Honors Program Theses


Open Access Honors Program Thesis

First Advisor

Dilbur D. Arsiwalla, Honors Thesis Advisor

Second Advisor

Jessica Moon, Director, University Honors Program


Biochemical markers; Sleep; Chronic diseases; Inflammation—Immunological aspects;


Decades of research has shown that sleep plays a vital role in our health, and disruptions in sleep can have long term detrimental effects on our lives (Yoo, 2007). The recommended amount of sleep by the National Sleep Foundation (NSF) for adults is between 7-9 hours each night (NSF, 2020). It is common knowledge that too few hours of sleep are unhealthy, but scientists are only beginning to understand the mechanisms that explain the connections between sleep patterns and health outcomes (CDC, 2011). Additionally, recent research has shown that excess sleep can be just as detrimental, if not more, to health outcomes (Patel, 2009). One of the reasons that poor sleep can be a negative consequence for health is because sleep disruptions can lead to inflammation (Patel, 2009). Inflammation is often a positive event that is occurring in the body because it signifies that the body is healing. When a person gets a cut, the area around the wound becomes inflamed because inflammatory biomarkers are being called to the area to promote repair. However, too much inflammation can have negative consequences. If a person is consistently getting poor sleep, then their body believes that it is constantly needing repair. This activates the immune system and the previously mentioned inflammatory biomarkers are called to respond (Mullington, 2010). These biomarkers, which normally help to heal areas of damage, might cause the immune system to attack areas of healthy tissue, therefore causing damage rather than repairing damage. Therefore, it is important to understand how this affects chronic health. Chronic disease and inflammatory processes often coincide. When a patient has a chronic health condition, their immune system is activated and is sending inflammatory biomarkers to respond (Laveti, 2013). However, the question of whether the elevated levels of biomarkers are a side effect of the chronic disease or a cause of the disease is unknown. If it is a cause, then it is possible that poor sleep resulting in high levels of biomarkers could lead to chronic disease. In the current review, research on the effects of inflammatory biomarkers that are elevated as a result of sleep is examined as well as the role that these biomarkers play in the increased risk for chronic health diseases.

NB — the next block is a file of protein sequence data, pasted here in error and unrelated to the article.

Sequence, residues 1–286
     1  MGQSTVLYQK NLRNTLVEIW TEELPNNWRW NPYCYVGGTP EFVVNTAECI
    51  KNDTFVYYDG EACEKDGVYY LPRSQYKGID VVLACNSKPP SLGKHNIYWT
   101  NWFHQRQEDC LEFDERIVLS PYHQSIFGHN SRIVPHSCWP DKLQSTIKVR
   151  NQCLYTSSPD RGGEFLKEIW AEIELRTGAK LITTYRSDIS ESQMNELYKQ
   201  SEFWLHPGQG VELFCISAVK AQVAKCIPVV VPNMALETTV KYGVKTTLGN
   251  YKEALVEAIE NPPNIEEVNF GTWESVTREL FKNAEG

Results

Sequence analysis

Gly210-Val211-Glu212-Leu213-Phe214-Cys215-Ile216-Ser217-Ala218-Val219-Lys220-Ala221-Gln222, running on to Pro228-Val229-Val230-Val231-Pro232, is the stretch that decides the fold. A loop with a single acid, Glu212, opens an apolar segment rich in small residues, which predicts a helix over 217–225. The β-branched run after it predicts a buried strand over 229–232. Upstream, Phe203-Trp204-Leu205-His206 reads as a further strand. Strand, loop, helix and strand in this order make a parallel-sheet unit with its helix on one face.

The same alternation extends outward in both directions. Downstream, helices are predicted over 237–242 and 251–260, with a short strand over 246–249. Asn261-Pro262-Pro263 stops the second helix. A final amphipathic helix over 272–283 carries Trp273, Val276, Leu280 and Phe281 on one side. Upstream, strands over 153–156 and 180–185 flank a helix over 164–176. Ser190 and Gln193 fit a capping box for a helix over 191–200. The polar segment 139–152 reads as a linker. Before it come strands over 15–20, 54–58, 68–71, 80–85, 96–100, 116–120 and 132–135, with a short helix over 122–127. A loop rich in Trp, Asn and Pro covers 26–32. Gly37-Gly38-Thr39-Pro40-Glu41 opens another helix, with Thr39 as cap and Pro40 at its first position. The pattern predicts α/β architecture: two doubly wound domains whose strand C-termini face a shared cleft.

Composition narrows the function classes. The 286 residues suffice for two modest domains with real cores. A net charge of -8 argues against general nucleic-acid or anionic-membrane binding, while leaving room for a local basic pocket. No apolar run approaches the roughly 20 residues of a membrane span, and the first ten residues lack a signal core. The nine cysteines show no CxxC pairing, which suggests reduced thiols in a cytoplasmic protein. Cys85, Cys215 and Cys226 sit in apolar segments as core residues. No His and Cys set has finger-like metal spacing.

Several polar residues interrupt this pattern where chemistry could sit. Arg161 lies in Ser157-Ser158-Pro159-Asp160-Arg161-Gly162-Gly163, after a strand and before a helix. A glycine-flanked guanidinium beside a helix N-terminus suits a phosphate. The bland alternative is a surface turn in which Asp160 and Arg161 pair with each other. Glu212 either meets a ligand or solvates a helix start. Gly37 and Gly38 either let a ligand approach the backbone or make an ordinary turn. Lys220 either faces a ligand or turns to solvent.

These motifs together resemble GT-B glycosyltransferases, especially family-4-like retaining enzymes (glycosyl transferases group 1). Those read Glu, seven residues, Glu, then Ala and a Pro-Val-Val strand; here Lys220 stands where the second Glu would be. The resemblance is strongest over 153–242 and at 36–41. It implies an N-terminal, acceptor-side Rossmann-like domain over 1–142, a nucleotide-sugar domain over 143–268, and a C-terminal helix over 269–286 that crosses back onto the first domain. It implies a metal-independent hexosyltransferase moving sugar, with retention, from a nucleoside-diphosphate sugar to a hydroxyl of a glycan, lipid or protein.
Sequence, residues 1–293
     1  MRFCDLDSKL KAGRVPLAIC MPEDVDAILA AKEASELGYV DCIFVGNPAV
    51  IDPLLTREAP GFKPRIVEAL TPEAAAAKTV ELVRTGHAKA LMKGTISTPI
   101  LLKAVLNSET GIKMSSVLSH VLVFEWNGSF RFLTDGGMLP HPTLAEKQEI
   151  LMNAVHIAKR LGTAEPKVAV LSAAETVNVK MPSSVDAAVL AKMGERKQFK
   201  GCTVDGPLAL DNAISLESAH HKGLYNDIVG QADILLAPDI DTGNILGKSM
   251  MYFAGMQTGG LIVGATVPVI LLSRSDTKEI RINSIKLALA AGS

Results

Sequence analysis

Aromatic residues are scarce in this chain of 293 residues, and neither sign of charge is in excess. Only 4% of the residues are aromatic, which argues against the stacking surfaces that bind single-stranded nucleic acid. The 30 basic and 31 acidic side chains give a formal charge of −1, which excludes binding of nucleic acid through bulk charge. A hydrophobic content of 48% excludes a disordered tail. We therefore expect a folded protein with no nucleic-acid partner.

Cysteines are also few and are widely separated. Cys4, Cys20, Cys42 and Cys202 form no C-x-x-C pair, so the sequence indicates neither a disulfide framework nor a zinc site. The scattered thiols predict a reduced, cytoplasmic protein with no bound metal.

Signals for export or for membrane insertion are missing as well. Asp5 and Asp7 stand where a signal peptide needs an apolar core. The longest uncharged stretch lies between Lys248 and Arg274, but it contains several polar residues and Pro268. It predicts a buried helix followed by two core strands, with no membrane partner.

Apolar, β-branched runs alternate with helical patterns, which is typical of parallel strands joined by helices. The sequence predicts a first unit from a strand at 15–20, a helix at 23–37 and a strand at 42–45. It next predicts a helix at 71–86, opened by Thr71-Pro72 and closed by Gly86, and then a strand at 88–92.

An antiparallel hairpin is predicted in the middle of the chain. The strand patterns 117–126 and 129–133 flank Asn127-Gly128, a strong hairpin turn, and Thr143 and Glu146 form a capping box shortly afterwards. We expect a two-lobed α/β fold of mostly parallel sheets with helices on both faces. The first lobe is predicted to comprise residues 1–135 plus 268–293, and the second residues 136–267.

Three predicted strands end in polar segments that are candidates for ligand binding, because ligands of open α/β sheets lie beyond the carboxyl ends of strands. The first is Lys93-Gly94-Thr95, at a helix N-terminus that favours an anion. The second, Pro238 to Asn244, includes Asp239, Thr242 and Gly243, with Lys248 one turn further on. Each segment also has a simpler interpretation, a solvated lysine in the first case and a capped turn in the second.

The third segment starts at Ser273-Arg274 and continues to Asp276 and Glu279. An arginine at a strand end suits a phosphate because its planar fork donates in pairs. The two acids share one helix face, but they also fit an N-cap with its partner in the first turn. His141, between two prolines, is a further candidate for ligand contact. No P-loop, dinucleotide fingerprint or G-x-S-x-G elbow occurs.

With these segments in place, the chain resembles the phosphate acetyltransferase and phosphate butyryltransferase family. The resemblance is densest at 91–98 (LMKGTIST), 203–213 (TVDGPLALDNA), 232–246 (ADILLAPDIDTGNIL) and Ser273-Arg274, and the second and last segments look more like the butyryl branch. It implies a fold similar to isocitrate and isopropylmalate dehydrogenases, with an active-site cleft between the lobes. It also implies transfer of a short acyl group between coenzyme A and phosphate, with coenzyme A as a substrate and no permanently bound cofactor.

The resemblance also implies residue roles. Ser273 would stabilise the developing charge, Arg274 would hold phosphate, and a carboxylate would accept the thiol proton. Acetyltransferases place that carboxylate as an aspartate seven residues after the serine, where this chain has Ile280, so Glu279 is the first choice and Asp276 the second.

Year of Submission



Department of Psychology

University Honors Designation

A thesis submitted in partial fulfillment of the requirements for the designation University Honors

Date Original


Object Description

1 PDF file (34 pages)



File Format


Included in

Biochemistry Commons